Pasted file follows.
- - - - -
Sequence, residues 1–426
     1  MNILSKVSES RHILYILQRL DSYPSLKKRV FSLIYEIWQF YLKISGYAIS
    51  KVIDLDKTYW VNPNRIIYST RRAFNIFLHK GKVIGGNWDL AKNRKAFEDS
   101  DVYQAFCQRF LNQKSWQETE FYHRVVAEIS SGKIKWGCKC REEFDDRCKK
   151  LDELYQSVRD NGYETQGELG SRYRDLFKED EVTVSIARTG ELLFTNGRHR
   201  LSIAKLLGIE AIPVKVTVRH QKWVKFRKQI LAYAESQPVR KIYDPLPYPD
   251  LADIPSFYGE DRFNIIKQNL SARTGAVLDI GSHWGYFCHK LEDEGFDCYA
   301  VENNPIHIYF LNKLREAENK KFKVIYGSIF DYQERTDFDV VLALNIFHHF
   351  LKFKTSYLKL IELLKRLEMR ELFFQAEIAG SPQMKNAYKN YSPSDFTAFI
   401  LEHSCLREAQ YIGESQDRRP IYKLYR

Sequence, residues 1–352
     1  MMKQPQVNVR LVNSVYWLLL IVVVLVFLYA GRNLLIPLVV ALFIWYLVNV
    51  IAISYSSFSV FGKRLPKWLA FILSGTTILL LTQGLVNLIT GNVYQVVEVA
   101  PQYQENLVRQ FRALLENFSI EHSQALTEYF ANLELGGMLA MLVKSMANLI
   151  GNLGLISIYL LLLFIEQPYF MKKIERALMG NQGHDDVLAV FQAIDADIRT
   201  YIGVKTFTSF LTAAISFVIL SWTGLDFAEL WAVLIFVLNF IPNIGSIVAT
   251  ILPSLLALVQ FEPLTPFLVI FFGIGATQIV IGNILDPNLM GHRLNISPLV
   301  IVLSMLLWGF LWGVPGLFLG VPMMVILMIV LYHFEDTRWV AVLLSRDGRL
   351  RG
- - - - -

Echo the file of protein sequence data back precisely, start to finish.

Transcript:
Sequence, residues 1–426
     1  MNILSKVSES RHILYILQRL DSYPSLKKRV FSLIYEIWQF YLKISGYAIS
    51  KVIDLDKTYW VNPNRIIYST RRAFNIFLHK GKVIGGNWDL AKNRKAFEDS
   101  DVYQAFCQRF LNQKSWQETE FYHRVVAEIS SGKIKWGCKC REEFDDRCKK
   151  LDELYQSVRD NGYETQGELG SRYRDLFKED EVTVSIARTG ELLFTNGRHR
   201  LSIAKLLGIE AIPVKVTVRH QKWVKFRKQI LAYAESQPVR KIYDPLPYPD
   251  LADIPSFYGE DRFNIIKQNL SARTGAVLDI GSHWGYFCHK LEDEGFDCYA
   301  VENNPIHIYF LNKLREAENK KFKVIYGSIF DYQERTDFDV VLALNIFHHF
   351  LKFKTSYLKL IELLKRLEMR ELFFQAEIAG SPQMKNAYKN YSPSDFTAFI
   401  LEHSCLREAQ YIGESQDRRP IYKLYR

Sequence, residues 1–352
     1  MMKQPQVNVR LVNSVYWLLL IVVVLVFLYA GRNLLIPLVV ALFIWYLVNV
    51  IAISYSSFSV FGKRLPKWLA FILSGTTILL LTQGLVNLIT GNVYQVVEVA
   101  PQYQENLVRQ FRALLENFSI EHSQALTEYF ANLELGGMLA MLVKSMANLI
   151  GNLGLISIYL LLLFIEQPYF MKKIERALMG NQGHDDVLAV FQAIDADIRT
   201  YIGVKTFTSF LTAAISFVIL SWTGLDFAEL WAVLIFVLNF IPNIGSIVAT
   251  ILPSLLALVQ FEPLTPFLVI FFGIGATQIV IGNILDPNLM GHRLNISPLV
   301  IVLSMLLWGF LWGVPGLFLG VPMMVILMIV LYHFEDTRWV AVLLSRDGRL
   351  RG